Amara West project blog


Investigating life in an Egyptian town

Amara West 2013: what a difference a day makes

Revealing an inscriptionPhilip Kevin, conservator, British Museum

On Tuesday of this week, after a number of days consolidating and uncovering painted plaster from several coffins within burial chamber G244 with various degrees of success, Michaela Binder revealed the top and part of the base of a wooden headrest. There has been poor wood preservation in this chamber due to hyperactive termites and wood rot, and possible flooding. The survival of the top and part of the base in what appeared to be a reasonable state of preservation was received with excitement, but the underside of the base was badly tunneled by termites. It was very weak and required slow step-by-step excavation and consolidation.

Philip revealing the faience situla in Grave 244

Philip revealing the faience situla in Grave 244

When removing the soil and wind-blown sand next to the base a white curved surface appeared and soon after the first black decorative lines were visible, including lotus leaf and palm branch motifs. The shape, colour and surface texture indicated this was a decorated situla, a round-bottomed vessel, lying horizontally in the soil and sand. It appeared complete but with a number of old (dark) cracks along its length.

Philip back in the ‘laboratory’ of our dig house, reconstructing the situla

Philip back in the ‘laboratory’ of our dig house,
reconstructing the situla

On lifting it, the cracks opened up and two fragments collapsed into the vessel. The whole object was unstable and any delay in reconstructing the vessel would risk further damage to the edges of the breaks. After consolidating the edges with a polymer in a solvent, to give the weak break edges and surrounding material additional strength, more consolidant was applied to the top of the cracks and allowed to run and settle along its length naturally.

The vessel was reconstructed “dry” (without adhesive) to find the correct location and order of reconstruction, then with the position determined the vessel was adhered. One triangular section 4×4 cm (widest points) remains missing – an old break, and it is still hoped that we will find this fragment near the chamber floor level.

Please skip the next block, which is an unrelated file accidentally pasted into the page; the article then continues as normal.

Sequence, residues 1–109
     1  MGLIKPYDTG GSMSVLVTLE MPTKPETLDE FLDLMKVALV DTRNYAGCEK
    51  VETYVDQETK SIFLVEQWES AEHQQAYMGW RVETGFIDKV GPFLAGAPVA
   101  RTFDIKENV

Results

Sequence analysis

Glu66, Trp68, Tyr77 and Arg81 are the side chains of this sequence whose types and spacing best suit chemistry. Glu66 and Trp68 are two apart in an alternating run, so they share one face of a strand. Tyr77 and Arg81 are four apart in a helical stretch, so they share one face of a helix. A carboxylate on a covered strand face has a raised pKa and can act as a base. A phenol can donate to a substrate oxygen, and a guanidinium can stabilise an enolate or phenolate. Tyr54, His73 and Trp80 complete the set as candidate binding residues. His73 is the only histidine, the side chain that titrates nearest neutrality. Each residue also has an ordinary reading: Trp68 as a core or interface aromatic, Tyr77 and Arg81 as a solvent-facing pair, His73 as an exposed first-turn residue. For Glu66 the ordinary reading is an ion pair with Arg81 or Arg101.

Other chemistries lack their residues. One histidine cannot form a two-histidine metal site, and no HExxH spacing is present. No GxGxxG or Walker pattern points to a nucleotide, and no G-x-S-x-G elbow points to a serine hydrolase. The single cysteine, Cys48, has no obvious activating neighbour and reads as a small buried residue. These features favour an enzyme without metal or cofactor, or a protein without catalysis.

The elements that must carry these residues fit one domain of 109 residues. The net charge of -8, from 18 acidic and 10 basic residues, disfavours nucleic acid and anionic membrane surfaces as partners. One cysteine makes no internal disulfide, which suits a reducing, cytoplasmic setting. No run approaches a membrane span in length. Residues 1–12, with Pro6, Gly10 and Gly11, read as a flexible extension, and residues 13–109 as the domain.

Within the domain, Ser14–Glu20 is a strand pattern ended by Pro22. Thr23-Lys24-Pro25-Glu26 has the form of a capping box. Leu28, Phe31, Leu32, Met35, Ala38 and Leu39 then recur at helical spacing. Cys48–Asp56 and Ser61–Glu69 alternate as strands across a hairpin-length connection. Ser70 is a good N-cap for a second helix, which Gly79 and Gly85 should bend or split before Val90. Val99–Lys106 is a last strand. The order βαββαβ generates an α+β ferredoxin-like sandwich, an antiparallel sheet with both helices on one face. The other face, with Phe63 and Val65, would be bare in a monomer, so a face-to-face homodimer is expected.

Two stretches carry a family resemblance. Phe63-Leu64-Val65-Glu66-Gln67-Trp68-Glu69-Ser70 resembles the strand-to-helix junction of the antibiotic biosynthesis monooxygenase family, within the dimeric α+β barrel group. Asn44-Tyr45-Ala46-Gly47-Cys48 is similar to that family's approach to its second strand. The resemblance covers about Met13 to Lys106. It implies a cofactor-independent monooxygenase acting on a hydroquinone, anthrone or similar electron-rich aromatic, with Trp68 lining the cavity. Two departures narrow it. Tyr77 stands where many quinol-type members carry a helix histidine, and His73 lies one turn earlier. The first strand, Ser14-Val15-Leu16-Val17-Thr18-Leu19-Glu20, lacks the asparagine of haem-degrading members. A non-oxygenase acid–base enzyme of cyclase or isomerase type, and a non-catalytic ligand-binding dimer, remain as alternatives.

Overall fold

The next day I was “out on the town” working within room E13.5.3 excavated by Sarah. There were a number of inscribed stone pieces – lintels and jambs – which had been plastered over and reused as door jambs.

Philip ‘on the town’, revealing the inscription re-used in house E13.5

Philip ‘on the town’, revealing the inscription
re-used in house E13.5

The inscription on one lintel was visible only at the bottom, with the first few hieroglyphs positioned upside down. The remainder of the inscription (“the interesting bit”….no pressure!) lay under a thick course of whitish plaster. Using a sharp pointed tool and working in from the edge of the plaster it was possible to cleave small pieces from the surface – direct pressure to shear between plaster and stone is likely to pull some surface of the stone away.

After a couple of hours the inscription could be read: ‘An offering that the king gives, to Amun-Ra, lord of the thrones of the two lands’.

Lets see what tomorrow brings.

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Amara West 2013: an ancient monument discovered in a modern house

Sandstone lintel found in the house on Ernetta islandMarie Vandenbeusch, Egyptologist

Most objects recorded during an excavation are found on site. When they come to light, they are patiently recorded in order to help provide as much information about the building or area from which they were recovered.

Sometimes, however, ancient objects show up in rather different circumstances. At the end of last season, after most of the team had left for home, Marie Millet and Shadia Abdu Rabo stayed to continue studying pottery. One day, they were told that a large inscribed stone had been discovered.

Sandstone lintel (F987) found in the house on Ernetta island.

Sandstone lintel (F987) found in the house on Ernetta island.

While demolishing the corner of an old house on Ernetta island, location of our dig house, the family came across a large sandstone lintel. Only half-preserved, it was carved with a column of hieroglyphs, originally located in the centre of the piece. Part of the names of Ramesses II can be read including “Ramses, beloved by Amun”. The lintel was originally brightly coloured: remains of yellow pigment are still visible on the surface, particularly within the hieroglyphs. This yellow would have contrasted with the white plaster that covered the lintel, still visible in places.

Mudbrick walls in a house on Ernetta island

Mudbrick walls in the house: the lintel was revealed during demolition of the old walls

Above stone and plaster, evidence of the modern use of the lintel is visible: a layer of mud. According to the owners of the house, the lintel acted as a shelf, built into the mudbrick wall. Covered by mud, they may not have noticed its existence until the demolition: its presence forgotten family knowledge.

Though we cannot be sure that it is from Amara West, it is very likely, and most probably from a doorway in the town, whether of a temple or a house.

According to the owners of the house, and through recording of the family tree (by Marie Millet and Shadia Abdu Rabo), it seems that the lintel was put in place around 1910-1920, which is before the Egypt Exploration Society started work at Amara West, in 1938. We tend to forget that ancient sites are often experienced and explored long before the arrival of archaeologists.

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